Usually pianists are one of the few musicians who don’t have the luxury of practicing and playing on the same piano wherever they go. Yes, there are the rare instances where pianos follow the artists who play them (courtesy of an entourage of piano movers and managers who make sure that the piano is where it should be and in tip-top shape). But there’s a woman in New York named Erin Durant who has determined that she will bring her own piano with her wherever she plays.

“I played a show with my electric keyboard after having played a bunch of shows where they had a piano,” Ms. Durant said, “and as a performer it felt sort of lonely. I didn’t have that piano to kind of kick back at me.”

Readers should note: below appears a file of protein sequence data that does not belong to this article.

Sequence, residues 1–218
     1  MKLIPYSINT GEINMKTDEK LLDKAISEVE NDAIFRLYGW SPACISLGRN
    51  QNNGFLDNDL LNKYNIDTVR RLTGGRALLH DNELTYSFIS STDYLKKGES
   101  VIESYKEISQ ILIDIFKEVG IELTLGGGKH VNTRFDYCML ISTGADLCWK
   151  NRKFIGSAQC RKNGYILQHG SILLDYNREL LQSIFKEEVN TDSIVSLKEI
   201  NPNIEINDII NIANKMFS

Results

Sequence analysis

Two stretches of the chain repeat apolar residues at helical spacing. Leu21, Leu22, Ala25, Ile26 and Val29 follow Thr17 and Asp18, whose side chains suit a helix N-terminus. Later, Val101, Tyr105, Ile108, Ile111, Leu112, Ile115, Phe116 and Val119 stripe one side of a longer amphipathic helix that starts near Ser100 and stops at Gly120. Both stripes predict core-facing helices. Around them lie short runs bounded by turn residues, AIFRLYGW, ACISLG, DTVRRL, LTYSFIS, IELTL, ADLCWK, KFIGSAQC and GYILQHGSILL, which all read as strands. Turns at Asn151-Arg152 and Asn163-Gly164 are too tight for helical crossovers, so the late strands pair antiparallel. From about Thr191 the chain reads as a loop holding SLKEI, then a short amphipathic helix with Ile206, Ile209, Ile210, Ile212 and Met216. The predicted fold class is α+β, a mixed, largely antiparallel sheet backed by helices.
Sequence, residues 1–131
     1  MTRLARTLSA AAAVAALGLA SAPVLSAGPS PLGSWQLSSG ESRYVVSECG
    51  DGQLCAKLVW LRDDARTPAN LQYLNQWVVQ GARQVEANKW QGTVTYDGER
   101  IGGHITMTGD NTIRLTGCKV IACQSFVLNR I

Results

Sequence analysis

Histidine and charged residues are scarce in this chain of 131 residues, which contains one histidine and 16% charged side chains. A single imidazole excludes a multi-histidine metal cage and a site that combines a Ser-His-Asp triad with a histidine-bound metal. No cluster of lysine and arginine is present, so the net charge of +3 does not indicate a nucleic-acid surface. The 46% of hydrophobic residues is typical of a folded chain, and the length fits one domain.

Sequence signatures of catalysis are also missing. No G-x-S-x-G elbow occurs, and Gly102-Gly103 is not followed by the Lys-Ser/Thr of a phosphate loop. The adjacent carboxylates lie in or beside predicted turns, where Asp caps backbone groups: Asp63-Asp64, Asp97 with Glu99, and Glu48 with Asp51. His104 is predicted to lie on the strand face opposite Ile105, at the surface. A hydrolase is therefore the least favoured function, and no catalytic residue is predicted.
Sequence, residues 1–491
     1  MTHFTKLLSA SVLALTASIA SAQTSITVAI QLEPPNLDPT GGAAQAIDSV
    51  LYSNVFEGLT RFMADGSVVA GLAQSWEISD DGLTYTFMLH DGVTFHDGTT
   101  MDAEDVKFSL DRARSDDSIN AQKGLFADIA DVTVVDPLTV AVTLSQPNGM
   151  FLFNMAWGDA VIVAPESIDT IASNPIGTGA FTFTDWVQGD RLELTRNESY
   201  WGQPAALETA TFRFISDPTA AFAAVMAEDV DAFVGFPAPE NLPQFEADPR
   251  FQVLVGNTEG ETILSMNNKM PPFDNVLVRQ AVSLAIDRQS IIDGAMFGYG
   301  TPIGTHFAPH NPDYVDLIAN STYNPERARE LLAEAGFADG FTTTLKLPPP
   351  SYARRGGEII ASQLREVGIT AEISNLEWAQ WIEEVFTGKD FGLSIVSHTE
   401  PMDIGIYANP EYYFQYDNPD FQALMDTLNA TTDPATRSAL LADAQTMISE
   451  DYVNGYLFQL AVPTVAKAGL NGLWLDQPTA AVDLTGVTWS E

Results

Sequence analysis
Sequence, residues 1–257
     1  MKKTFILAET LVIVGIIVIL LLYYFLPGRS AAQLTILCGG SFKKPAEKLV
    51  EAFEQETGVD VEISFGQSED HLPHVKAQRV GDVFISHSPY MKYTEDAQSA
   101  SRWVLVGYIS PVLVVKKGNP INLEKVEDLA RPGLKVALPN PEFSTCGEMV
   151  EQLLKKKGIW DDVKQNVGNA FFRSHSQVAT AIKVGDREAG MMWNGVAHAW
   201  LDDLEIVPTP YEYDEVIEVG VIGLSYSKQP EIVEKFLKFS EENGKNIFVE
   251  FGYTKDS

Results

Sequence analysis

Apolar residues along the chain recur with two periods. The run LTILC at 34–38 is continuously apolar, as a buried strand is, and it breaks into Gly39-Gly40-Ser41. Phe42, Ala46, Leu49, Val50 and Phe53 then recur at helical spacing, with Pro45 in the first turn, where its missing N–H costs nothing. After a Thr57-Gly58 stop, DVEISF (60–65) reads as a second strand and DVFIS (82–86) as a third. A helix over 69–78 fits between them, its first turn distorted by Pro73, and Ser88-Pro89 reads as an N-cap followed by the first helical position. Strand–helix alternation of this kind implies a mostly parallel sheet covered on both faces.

She looked around and discovered a type of piano known as a Tom Thumb, popular, in the analog era, on cruise ships.

Ms. Durant’s model, built by the Kawai company around 1970, has 64 keys rather than the standard 88. The top of it is only about belly high. But it still weighs about as much as 10 marching-band tubas, or a half-dozen double basses.

Fortunately, it’s not a nine-foot grand, but still…

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